Article Text

  1. M. T. Barnes,
  2. G. Singh,
  3. N. Jabbour,
  4. Y. Genyk,
  5. L. Sher,
  6. R. R. Selby,
  7. R. Mateo
  1. USC Keck School of Medicine, Los Angeles, CA; 2Liver Transplant Program and Department of Surgery


Purpose In this study, we sought to find the incidence of incisional hernias as a complication of orthotopic liver transplantation (OLT). Patient demographics, clinical history, surgical technique, and treatment with the immunosuppressive (IS) drug sirolimus were among the risk factors evaluated.

Methods We retrospectively reviewed the records of 268 liver transplants that were performed at USC University Hospital between June, 1996 and December, 2003, and included recipients with a six month minimum post-operative survival. Data was collected from hospital records, with lab values recorded at the time of transplant and one month post-transplant. An infection was defined by positive cultures, and sirolimus exposure was noted with any dose of the drug administered during the post-operative hospital stay. Statistical analysis was performed using the equal variance t-test for continuous variables, the Chi-square test or Fisher’s exact test (2 tail) for categorical variables.

Results Among the 268 liver transplantations included in this study, 22 were complicated by an incisional hernia, for an incidence rate of 8.2%. The incidence was not significantly affected by differences in patient age, sex, BMI, operating time, incision type, suture material, suture technique, fascia closure technique, wound infection, bacteremia, previous abdominal surgery, presence of diabetes mellitus, or serum bilirubin or albumin levels. There was a significantly greater incidence of incisional hernias in the 128 patients who were exposed to sirolimus, compared with the 130 patients who were not (13.3% with sirolimus vs. 3.8% without; p=0.00731). In addition, patients who developed hernias had significantly higher platelet counts post-transplant (hernia 244 ×103/µl vs. no hernia 183 ×103/µl; p=0.07), although platelet counts in patients given sirolimus showed a significantly greater increase at one month post-transplant (+108 ×103/µl) compared with those who were not given sirolimus (+80 ×103/µl; p=0.025).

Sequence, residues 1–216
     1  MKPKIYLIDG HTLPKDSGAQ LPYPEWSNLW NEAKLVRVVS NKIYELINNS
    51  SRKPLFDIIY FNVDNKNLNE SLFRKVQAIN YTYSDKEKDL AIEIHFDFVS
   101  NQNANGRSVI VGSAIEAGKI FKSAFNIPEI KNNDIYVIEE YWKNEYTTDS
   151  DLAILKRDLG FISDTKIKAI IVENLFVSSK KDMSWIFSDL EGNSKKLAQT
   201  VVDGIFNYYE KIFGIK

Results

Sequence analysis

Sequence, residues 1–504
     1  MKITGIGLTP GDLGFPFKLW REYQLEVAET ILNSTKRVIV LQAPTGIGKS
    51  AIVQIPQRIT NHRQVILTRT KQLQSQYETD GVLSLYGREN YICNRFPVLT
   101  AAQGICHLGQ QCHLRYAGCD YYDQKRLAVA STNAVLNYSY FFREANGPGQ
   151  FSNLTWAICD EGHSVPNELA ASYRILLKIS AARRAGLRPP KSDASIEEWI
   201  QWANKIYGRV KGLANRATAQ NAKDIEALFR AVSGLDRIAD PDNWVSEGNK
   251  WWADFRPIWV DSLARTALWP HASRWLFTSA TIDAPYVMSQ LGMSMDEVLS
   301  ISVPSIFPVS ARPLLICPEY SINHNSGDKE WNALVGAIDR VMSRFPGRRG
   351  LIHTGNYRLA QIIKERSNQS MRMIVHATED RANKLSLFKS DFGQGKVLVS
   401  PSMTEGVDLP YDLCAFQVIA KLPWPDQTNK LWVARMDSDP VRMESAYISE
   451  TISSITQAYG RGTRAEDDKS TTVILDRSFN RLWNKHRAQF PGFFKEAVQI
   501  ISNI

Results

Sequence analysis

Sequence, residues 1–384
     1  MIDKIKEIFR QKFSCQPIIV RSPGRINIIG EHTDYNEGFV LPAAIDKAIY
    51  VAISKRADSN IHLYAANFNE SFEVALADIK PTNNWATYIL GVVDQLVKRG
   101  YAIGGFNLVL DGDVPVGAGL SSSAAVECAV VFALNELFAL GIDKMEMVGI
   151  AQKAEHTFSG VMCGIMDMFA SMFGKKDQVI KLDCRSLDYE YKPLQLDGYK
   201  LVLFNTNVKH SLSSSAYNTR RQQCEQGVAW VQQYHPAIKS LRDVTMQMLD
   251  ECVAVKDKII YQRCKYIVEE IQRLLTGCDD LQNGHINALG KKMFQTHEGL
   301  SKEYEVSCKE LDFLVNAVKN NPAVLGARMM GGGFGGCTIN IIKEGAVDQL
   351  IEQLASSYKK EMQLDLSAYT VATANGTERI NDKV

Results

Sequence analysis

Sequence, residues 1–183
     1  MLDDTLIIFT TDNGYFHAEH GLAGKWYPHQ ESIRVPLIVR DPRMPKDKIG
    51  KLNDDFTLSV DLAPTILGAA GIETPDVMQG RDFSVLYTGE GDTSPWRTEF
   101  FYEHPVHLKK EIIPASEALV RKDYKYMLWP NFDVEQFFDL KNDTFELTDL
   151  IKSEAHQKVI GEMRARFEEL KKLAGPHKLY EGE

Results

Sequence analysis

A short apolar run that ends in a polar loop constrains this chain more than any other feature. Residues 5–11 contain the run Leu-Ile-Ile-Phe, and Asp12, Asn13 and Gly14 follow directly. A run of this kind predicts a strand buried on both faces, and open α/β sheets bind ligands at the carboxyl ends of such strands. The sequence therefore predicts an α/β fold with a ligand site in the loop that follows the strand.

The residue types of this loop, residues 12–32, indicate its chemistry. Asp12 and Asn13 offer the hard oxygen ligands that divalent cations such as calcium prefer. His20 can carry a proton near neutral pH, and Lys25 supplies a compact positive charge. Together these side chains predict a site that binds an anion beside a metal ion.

Conclusions The use of sirolimus, an effective IS agent used to prevent rejection following OLT, appears to be associated with an increased incidence of incisional hernias. An associated increase in platelet counts may be secondary to differences in IS regimens. Further study is needed to rule out other confounders that may have predisposed recipients treated with sirolimus to hernia formation, and to elucidate a mechanism for sirolimus-induced wound complications.

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